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August 18, 2021
High performance & sustainability

Among the many lessons learned from the COVID-19 pandemic is a reminder that indoor air quality matters. Like drinking water, outdoor air pollution and the food we eat, the quality of indoor air is now under the microscope for future regulation. Improving air quality is also critical to help mitigate transmission of COVID-19 as companies prepare to welcome their workforces back to the office environment.

While many emerging technologies, such as Needlepoint Bipolar Ionization (NPBI), show significant promise in laboratory studies, some of the performance claims do not translate directly to real-world conditions as they are installed in buildings. Pepper recently partnered with RHP Risk Management, a national research and consulting firm comprised of health scientists and public health professionals, to conduct a controlled, real-world test on NPBI to further understand its efficacy, analyze how aerosols travel in an office, explore the limitations and best applications for NPBI and understand the value of this and other emerging technologies.

Please click on the icon below to read or download our new white paper, "Protecting the Air We Breathe."

IAQ White Paper





To review our previously published white paper, "Improving The Air We Breathe," click here.

This white paper is intended for educational purposes only.

About the Author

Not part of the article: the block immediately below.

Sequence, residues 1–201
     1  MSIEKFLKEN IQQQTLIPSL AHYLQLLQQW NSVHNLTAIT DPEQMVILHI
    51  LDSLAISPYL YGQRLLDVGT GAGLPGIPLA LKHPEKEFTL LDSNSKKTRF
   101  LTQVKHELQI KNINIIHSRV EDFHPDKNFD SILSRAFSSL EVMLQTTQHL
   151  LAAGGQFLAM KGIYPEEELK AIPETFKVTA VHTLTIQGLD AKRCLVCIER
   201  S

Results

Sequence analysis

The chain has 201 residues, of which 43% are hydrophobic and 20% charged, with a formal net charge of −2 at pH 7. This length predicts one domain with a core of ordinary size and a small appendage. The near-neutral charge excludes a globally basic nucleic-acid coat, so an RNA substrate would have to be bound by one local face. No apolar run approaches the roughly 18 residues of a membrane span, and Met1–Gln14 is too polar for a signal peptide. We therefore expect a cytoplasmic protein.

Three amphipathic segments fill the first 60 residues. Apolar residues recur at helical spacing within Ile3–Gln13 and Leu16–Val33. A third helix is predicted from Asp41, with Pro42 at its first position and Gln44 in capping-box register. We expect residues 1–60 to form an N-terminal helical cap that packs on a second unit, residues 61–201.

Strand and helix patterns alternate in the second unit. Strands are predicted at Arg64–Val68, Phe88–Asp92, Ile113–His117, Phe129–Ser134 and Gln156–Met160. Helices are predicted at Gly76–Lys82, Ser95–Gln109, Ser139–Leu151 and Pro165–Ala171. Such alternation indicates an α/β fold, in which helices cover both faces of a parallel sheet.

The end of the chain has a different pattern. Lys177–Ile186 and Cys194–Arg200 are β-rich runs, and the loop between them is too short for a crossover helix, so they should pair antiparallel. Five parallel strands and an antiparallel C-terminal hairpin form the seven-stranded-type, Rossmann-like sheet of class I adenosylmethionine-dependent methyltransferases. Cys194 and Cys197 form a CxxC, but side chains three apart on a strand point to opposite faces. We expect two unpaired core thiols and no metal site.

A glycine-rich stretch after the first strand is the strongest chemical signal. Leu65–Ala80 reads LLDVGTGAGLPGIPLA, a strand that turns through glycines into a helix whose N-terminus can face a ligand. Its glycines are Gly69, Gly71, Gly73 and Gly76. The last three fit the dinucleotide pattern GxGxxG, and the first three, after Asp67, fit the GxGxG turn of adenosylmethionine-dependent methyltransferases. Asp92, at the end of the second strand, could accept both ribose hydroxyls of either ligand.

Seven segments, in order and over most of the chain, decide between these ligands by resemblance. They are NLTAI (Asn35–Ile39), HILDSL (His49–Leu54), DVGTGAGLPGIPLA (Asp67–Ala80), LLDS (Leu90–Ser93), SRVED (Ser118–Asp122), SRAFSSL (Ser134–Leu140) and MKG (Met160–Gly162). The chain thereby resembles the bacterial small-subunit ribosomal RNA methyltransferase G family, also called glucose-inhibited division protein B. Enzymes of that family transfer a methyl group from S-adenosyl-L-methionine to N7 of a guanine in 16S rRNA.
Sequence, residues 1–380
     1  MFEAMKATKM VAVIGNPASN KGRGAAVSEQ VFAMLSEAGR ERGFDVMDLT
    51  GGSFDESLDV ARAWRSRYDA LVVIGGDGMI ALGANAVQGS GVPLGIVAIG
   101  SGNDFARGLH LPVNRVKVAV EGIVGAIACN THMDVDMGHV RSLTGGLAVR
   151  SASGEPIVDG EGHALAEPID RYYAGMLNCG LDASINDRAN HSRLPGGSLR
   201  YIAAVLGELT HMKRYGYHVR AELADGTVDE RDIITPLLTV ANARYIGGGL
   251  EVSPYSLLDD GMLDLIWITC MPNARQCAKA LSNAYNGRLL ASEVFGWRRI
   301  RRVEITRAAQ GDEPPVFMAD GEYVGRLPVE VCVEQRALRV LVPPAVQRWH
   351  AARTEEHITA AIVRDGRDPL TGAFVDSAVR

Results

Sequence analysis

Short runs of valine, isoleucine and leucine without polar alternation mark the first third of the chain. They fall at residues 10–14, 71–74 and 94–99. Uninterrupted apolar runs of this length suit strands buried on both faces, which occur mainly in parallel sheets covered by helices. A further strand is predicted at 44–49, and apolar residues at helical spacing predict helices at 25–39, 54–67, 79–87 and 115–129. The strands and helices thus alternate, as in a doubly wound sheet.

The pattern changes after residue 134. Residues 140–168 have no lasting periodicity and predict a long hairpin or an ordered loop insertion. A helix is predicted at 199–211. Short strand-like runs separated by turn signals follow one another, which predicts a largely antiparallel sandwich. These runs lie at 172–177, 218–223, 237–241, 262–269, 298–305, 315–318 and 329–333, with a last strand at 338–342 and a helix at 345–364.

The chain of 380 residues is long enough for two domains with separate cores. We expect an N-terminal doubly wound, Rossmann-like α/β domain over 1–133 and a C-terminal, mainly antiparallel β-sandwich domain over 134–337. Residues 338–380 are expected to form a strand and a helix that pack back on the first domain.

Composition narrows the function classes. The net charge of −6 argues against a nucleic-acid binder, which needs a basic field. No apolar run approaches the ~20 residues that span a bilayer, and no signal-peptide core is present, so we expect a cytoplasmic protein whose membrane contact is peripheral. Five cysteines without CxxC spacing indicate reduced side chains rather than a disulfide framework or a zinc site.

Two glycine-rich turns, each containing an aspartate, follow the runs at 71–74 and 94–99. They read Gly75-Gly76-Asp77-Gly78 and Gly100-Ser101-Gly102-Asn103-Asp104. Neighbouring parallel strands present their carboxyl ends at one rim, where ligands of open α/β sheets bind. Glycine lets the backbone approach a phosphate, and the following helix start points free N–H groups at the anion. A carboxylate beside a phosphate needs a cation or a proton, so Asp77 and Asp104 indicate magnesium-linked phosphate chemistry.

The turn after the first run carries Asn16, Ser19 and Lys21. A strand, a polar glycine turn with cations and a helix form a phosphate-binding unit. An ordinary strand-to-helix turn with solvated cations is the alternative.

Susan Heinking

Susan Heinking, AIA, NCARB, LEED FellowSenior Vice President, High Performance and Sustainable Construction

A licensed architect and LEED Fellow, Susan has over a  decade of experience designing and managing sustainability programs and initiatives in the building industry. She leads Pepper's High Performance and Sustainable Construction Group. She is a national expert in sustainable building design and construction. Her many areas of involvement include Chicago's Energy Benchmarking Ordinance, the AIA2030 Chicago Working Group, co-chairing Chicago's AIA COTE knowledge group, participating in RETROFIT Chicago and working with the Chicago Biomimicry Group. Susan has been named to both ENR and BD+C's 20 under 40 list.

Susan's current vision for Pepper includes expanding the company's sustainability efforts to fully embrace the high performance aspects of both building performance and human performance. This includes enhancing existing efforts with energy modeling, ROI analysis and local utility incentives, as well as building on Pepper's "Nothing Hits the Floor" program and promoting the use of healthy materials.

Susan holds a Master of Architecture from the University of Oregon and is an active presenter at industry conventions.

Read more about Susan's accomplishments.